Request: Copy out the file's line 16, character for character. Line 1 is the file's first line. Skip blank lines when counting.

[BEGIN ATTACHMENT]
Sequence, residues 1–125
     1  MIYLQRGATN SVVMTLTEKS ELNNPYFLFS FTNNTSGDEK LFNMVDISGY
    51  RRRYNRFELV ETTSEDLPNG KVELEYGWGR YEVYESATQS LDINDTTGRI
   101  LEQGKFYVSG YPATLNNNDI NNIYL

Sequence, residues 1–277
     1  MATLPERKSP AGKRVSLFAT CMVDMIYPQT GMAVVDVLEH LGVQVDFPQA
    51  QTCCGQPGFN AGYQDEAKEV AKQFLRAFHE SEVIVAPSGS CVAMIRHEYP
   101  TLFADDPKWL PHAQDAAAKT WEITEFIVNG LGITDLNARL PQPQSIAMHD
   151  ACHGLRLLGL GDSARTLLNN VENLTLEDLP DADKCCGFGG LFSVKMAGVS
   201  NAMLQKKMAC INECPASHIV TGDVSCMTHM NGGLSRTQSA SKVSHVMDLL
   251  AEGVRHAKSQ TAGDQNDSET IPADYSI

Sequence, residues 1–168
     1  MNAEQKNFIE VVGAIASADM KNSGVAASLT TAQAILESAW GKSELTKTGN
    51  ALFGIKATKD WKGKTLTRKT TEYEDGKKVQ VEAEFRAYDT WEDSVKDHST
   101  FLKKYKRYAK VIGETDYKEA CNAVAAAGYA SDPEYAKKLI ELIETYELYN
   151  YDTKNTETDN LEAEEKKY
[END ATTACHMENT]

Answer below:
   151  YDTKNTETDN LEAEEKKY